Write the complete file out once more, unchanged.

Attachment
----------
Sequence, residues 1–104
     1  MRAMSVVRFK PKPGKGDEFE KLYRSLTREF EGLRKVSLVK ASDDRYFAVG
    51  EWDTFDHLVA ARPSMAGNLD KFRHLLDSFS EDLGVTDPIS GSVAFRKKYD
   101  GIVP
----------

Sequence, residues 1–104
     1  MRAMSVVRFK PKPGKGDEFE KLYRSLTREF EGLRKVSLVK ASDDRYFAVG
    51  EWDTFDHLVA ARPSMAGNLD KFRHLLDSFS EDLGVTDPIS GSVAFRKKYD
   101  GIVP